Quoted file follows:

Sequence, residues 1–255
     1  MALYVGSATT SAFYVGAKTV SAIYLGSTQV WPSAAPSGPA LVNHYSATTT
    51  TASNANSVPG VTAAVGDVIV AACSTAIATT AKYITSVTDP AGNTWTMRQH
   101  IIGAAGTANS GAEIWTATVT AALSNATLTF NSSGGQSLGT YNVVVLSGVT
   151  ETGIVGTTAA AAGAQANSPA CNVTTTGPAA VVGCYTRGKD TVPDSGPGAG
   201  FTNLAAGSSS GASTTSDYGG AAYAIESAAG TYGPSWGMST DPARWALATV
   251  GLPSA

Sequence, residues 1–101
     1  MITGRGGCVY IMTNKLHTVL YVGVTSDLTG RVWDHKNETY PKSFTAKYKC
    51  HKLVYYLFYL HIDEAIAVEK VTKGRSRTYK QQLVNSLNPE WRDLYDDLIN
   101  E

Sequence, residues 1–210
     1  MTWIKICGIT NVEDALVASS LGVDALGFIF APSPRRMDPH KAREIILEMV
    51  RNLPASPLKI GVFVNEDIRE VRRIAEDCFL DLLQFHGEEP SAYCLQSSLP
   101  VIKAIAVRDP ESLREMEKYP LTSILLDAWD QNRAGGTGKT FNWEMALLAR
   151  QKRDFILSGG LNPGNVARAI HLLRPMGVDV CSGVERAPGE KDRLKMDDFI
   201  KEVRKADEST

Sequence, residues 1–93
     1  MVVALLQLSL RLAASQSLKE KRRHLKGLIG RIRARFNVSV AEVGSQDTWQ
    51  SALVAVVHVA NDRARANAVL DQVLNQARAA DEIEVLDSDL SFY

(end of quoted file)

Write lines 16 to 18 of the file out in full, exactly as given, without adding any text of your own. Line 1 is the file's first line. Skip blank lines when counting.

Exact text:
   151  QKRDFILSGG LNPGNVARAI HLLRPMGVDV CSGVERAPGE KDRLKMDDFI
   201  KEVRKADEST

Sequence, residues 1–93